Dictionary of London Immigrants |||

Librarian and art dealer Abbé Luigi Celotti was born on 12 August 1759 in Treviso in the Veneto region. His name appears as an art dealer after the Napoleonic invasion of Italy in 1796 when he was active in Paris. His contact with the British art market was evident in November 1828 when he sold Titian’s Portrait of Two Boys (said to be members of the Pesaro family) to James Irvine on behalf of William Forbes, 7th Baronet of Pitsligo.

His presence on the British art market is significant not for the paintings or antiques he sold, but for his dealings in illuminated miniatures. During the Italian campaign of 1798, French troops looted the Sistine Chapel and the Vatican Library. Soldiers were dealing in priceless books and liturgical manuscripts. Celotti took the stolen goods from their hands. He was particularly interested in illuminated miniatures. Having acquired the volumes, he removed the leaves. London was his prime commercial market.

In March 1825 he sold a set of Hebrew, Greek, and Latin manuscripts at Sotheby’s. The sale was recorded as the first specialist auction of a collection of medieval manuscripts. Two months later, Christie’s announced the sale (on 26 May) of more than two hundred miniatures. Such a sale had never occurred before in London.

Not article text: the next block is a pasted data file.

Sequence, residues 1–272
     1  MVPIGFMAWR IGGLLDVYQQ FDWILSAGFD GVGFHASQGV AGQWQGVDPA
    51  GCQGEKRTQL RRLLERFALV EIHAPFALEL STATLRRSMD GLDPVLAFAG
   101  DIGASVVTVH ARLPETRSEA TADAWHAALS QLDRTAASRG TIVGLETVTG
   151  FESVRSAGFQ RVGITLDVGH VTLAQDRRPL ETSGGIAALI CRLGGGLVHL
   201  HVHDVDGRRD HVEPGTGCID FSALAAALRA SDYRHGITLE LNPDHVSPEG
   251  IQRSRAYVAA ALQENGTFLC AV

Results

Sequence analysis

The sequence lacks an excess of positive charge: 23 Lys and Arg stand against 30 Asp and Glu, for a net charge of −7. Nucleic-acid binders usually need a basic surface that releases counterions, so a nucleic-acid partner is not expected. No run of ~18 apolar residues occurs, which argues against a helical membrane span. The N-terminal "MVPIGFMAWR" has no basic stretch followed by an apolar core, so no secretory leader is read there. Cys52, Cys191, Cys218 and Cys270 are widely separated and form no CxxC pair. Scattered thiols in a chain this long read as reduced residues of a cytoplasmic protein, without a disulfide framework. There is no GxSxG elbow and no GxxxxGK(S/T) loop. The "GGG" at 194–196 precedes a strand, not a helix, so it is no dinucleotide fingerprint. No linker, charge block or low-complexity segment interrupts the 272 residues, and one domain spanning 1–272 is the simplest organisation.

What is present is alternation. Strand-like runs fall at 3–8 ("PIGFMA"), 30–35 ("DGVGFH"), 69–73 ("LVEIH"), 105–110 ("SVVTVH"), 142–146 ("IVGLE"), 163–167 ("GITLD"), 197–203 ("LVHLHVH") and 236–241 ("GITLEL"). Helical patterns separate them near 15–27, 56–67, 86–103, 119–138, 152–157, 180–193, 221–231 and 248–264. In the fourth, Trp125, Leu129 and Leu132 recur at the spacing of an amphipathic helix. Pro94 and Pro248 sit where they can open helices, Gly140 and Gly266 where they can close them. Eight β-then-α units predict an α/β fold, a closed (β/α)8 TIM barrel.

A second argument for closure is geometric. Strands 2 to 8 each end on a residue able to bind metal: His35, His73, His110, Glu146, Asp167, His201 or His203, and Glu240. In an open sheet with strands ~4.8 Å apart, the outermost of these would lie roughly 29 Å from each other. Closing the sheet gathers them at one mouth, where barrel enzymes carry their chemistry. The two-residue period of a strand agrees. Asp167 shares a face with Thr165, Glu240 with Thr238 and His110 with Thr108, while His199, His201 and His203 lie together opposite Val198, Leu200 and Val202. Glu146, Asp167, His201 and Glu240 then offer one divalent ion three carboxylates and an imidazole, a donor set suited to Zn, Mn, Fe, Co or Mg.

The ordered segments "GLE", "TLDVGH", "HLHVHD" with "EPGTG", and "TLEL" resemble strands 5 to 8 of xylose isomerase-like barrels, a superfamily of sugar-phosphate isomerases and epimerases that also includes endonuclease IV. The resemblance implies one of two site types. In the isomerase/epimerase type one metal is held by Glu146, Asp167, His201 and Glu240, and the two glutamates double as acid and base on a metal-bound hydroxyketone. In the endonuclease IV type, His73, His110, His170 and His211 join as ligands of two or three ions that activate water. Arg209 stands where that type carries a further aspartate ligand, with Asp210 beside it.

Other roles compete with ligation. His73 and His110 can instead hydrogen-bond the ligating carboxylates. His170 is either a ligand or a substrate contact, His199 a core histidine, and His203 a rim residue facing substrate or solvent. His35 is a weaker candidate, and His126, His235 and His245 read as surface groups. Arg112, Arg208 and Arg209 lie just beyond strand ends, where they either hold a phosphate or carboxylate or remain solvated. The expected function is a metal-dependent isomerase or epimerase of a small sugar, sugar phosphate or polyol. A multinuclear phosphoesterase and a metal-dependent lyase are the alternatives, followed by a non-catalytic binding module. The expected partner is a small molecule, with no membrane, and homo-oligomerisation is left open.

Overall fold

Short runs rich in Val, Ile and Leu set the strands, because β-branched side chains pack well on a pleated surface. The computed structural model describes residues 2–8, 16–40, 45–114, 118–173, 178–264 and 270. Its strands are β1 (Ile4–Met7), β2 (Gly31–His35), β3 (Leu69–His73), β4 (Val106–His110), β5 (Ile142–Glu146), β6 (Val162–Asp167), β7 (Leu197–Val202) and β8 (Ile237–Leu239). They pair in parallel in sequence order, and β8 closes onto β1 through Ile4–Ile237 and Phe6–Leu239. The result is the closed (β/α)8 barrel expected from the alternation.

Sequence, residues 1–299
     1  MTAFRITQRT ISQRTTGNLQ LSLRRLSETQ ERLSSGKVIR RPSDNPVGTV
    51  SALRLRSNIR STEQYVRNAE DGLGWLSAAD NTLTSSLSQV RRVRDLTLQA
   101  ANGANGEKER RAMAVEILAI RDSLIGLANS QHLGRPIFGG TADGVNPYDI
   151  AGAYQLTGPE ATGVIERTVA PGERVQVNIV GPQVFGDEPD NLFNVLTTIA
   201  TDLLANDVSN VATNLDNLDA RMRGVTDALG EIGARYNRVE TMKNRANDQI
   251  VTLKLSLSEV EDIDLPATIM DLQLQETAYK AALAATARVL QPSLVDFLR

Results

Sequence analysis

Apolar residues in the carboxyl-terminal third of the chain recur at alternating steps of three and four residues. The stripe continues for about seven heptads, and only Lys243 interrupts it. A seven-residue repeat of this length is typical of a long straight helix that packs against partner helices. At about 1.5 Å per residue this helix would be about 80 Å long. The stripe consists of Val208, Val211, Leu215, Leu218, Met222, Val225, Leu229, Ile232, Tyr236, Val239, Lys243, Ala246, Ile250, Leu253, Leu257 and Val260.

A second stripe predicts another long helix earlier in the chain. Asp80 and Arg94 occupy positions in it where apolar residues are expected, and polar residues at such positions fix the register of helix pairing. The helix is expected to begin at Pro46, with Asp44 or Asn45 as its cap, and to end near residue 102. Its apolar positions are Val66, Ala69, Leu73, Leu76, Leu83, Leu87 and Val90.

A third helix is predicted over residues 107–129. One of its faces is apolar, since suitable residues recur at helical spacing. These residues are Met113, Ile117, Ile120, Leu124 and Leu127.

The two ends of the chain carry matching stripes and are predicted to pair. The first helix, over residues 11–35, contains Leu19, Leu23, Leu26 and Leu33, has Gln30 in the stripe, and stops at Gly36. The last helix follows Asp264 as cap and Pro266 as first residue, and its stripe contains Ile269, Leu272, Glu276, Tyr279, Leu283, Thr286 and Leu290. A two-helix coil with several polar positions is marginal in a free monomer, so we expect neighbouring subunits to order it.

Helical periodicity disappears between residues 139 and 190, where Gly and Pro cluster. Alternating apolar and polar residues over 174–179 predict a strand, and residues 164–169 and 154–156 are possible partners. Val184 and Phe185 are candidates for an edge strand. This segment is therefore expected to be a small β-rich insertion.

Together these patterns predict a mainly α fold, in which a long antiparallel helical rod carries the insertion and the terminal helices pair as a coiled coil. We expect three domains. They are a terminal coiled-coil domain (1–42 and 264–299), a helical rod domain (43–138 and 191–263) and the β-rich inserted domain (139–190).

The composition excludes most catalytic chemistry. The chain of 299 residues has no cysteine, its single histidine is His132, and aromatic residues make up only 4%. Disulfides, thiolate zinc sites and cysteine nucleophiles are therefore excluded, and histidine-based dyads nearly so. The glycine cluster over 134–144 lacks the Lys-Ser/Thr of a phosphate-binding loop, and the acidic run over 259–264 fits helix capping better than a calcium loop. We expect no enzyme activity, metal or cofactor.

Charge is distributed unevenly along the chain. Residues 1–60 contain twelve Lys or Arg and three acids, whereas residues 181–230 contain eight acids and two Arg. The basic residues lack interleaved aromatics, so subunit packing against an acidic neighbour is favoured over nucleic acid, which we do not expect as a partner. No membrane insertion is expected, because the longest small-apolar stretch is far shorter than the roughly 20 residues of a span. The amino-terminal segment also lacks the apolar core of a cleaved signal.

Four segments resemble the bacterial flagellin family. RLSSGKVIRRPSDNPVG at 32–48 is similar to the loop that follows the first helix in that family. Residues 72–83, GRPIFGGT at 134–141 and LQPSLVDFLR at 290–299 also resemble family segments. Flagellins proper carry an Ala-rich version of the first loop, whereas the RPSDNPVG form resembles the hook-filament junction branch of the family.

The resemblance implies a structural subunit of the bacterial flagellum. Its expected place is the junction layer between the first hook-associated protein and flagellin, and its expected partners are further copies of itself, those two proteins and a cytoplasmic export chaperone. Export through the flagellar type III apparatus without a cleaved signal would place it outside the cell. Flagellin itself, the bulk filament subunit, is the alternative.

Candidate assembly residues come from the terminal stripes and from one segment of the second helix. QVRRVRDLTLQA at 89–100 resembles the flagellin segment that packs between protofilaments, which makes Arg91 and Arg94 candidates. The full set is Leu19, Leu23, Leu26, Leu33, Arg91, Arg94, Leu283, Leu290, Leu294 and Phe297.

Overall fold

The title of the catalogue indicated the rarity of that occasion: A Catalogue of a Highly Valuable and Extremely Curious Collection of Illumined Miniature Paintings taken from the Choir Books of the Papal Chapel in the Vatican during the French Revolution; and subsequently collected and brought to this Country by the Abate Celotti. London, Mr. Christie, May 26, 1825. A precedent was set. Collectors realised that the best medieval painting survived between the covers of manuscripts rather than on panels or walls. It stimulated large-scale vandalising of volumes and manuscipts and the disposal of the body of text. The miniatures were preserved as monuments of a lost art’ and framed like small panels. The print departments of the British Museum and the Fitzwilliam, Cambridge, hold many leaves that had been handled by Celotti. The dealer himself died in October 1843 at the Palazzo Barbarigo, Venice.

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